Unlike most of the West Coast rock bands that emerged a few years ago under the banner of the "paisley underground," Green On Red seemed less concerned with reviving a sound than with meaning something. True, its 1983 debut album, "Gravity Talks," was full of the organ-based rock and surrealism of mid-'60s Dylan. True, its new album, "Gas Food Lodging" (Enigma 72005-1), leans heavily on the thunderous guitar rock of Neil Young and Crazy Horse. But what renders the band and its new album wholly contemporary and exciting is that, like Dylan, Green On Red has faith in the power of rock 'n' roll to say something.
In lead singer Dan Stuart, Green On Red possesses a haranguing vocalist with an eye for the disturbing image, a nose for hypocrisy and a tongue abrasive enough to draw attention. Stuart's nasal twang carries an edge of pain and insight, and when he spits out a commonplace line like "It seems a handshake means nothing today," the words fly like bullets aimed straight at the civilized and affluent veneer of Reagan's America.
The album title refers to the band's endless road experience from which its songs are drawn. The back cover shows the quintet sitting around a campfire and there's no doubt this group embraces the mythology of the Old West and the open road a la Kerouac and Guthrie. Their originals are replete with images of losers, drifters and the underclass, and their unabashed populism is musically realized here in a stirring country-rock version of "We Shall Overcome."
The sound is hardly folksy, as the addition of guitarist Chuck Prophet brings a muscular, big-chord power to the band's midtempo songs that perfectly complements the eerie mood set by Chris Cacavas' undulating organ. Led by Prophet's stately guitar and productions, their best songs, such as "Sixteen Ways," unfold slowly, dramatically crystallizing around Stuart's caustic insights. In "Sea of Cortez," Stuart offers a couplet even Dylan might envy: "It takes money to make money they say/Ain't it funny how love doesn't work that way."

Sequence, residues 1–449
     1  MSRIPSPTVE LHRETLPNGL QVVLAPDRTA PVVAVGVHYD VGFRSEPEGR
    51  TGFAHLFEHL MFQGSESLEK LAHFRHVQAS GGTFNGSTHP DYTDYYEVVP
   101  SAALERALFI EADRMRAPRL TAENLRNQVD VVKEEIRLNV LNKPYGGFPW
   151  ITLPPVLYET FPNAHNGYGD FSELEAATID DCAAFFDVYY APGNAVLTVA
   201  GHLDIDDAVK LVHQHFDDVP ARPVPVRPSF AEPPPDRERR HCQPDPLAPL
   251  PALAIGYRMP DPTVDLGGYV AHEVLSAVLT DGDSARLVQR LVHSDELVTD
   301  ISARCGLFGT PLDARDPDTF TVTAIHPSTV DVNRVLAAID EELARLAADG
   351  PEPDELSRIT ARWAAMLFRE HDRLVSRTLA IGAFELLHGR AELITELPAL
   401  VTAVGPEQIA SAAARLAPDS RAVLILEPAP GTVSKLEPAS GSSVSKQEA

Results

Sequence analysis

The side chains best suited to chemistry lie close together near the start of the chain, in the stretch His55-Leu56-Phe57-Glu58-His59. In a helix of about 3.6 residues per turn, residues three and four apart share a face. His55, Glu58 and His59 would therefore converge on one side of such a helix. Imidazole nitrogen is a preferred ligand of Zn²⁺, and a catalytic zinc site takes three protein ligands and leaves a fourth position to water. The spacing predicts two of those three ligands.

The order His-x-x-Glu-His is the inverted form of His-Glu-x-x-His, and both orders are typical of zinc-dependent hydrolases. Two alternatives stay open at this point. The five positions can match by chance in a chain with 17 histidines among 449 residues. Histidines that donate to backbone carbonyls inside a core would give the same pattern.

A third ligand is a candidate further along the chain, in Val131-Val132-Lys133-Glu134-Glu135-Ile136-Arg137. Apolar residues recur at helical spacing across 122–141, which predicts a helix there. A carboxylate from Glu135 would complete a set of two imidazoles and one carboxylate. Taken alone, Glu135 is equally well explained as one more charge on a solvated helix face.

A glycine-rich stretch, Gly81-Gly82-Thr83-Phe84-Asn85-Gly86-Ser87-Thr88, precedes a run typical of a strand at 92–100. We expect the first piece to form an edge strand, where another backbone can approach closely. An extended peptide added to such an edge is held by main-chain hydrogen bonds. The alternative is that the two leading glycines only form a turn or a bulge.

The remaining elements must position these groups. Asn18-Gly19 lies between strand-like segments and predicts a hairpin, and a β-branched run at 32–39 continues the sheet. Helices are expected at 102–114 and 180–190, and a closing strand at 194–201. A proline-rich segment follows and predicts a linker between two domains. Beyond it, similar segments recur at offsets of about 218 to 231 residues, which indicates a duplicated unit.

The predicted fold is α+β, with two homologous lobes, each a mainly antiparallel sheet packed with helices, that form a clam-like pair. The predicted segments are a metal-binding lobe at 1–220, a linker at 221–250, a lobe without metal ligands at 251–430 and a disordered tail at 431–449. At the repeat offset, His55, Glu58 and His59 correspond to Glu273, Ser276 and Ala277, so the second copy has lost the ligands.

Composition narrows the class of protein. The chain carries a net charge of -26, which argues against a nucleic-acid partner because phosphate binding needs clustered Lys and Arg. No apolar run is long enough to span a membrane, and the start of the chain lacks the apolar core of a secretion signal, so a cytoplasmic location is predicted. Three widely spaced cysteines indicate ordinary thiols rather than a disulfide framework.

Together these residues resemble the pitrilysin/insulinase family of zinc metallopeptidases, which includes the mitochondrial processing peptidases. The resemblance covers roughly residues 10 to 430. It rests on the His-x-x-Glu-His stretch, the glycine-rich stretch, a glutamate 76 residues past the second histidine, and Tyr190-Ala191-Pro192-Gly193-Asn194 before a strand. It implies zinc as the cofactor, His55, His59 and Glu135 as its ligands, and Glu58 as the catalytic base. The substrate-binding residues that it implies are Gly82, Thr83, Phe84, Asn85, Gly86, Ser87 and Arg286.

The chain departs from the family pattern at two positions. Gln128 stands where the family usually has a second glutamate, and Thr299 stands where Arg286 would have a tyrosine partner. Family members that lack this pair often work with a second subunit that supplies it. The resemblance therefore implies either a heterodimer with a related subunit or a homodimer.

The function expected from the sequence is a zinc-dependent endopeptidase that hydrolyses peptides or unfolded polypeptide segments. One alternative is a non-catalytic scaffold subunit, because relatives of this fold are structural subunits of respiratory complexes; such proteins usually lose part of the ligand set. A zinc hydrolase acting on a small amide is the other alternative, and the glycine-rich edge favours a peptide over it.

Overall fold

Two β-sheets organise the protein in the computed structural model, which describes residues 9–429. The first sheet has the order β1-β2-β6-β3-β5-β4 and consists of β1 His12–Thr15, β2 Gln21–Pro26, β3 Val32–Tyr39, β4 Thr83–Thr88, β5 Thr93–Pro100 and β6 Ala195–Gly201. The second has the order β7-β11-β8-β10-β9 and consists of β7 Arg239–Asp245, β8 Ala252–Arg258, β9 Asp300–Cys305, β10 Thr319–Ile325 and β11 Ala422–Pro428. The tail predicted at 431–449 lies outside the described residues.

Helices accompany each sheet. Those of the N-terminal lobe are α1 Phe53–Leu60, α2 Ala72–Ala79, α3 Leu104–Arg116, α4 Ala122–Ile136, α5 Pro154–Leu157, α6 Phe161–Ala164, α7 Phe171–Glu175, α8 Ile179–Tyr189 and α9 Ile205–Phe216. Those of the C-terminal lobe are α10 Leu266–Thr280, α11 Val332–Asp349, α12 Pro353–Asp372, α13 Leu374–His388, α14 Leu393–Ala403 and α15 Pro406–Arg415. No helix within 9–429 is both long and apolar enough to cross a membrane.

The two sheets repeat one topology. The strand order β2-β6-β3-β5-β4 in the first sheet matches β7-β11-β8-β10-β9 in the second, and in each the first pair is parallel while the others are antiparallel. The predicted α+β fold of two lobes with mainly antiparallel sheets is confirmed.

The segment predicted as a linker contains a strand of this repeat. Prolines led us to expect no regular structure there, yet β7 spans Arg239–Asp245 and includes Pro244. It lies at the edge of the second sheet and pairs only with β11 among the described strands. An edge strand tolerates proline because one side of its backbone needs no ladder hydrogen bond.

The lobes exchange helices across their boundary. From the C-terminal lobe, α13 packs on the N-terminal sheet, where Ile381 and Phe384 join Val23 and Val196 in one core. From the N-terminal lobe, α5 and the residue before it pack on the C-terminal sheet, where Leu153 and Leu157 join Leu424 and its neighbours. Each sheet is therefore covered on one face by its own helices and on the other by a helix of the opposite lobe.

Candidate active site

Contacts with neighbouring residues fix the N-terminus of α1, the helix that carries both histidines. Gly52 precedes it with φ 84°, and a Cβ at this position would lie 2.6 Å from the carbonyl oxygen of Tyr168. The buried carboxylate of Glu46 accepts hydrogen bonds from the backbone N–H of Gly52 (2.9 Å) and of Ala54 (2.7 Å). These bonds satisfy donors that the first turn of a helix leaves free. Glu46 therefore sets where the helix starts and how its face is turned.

Stuart has joined up with another of America's most intense young rock lyricists and singers, Steve Wynn of Dream Syndicate, and under the sobriquet of Danny and Dusty they have released "The Lost Weekend" (A & M SP6-5075). Recorded over a weekend and using members of Green On Red, Dream Syndicate and the Long Ryders, the album is supposed to convey a boozy camaraderie and freewheeling humor that their more serious work doesn't allow. But serious and nasty are what Stuart and Wynn are best at, and their reach for the lighthearted in songs like "The Word Is Out" just sounds like drunken backslapping of the most indulgent kind.
Many of the songs here, such as "Baby We All Gotta Go Down," recalled the grungy rock 'n' roll of the Rolling Stones complete with caterwauling choruses and loose instrumental play. But there are a few treats, usually distinguished by Chris Cacavas' imaginative piano work. "Song for Dreamers" is a '50s-style rocker that is catchy enough to endure Wynn and Stuart's satiric litany of cultural heroes stretching from Fidel Castro to ex-pitcher Ryne Duren. If Wynn and Stuart had taken their collaboration more seriously, there might have been more originals like the haunting, personal exorcism called "Down to the Bone."
An altogether more satisfying project finds Blaster Dave Alvin and bassist Johnny Ray Bartel joining Exene, John Doe and D.J. Bonebrake of X in a country-folk group called the Knitters. Both X and the Blasters have used country and folk sources, and the Knitters, who have been playing for more than a year, evolved as a means of avoiding the loud and fast pace of those rock bands in favor of a more acoustic, song-oriented medium. On their debut album, "Poor Little Critters on the Road" (Slash 25310-1), the Knitters mix traditional and original material, achieving an accomplished sound and a convincing emotional rapport with their songs that proves this is no weekend project.
The surprise here is the striking force of John Doe's strong, dry baritone in his original country songs, "Someone Like You" and "Cryin' but My Tears Are Far Away." Most of the time Doe and Exene sing together and their distinctive harmonies on Doe's bluesy "Love Shack" or Alton Delmore's western ballad, "Trail of Time," are impressive by any standards. The band itself creates a solid economical sound close to the sparse rockabilly of early Johnny Cash. With Bonebrake working on just a snare drum and Bartel thumping the acoustic bass, Dave Alvin cuts through on electric guitar with some scintillating rockabilly leads on the Carter Family's "Poor Old Heartsick Me" and the comic "The Call of the Wreckin' Ball."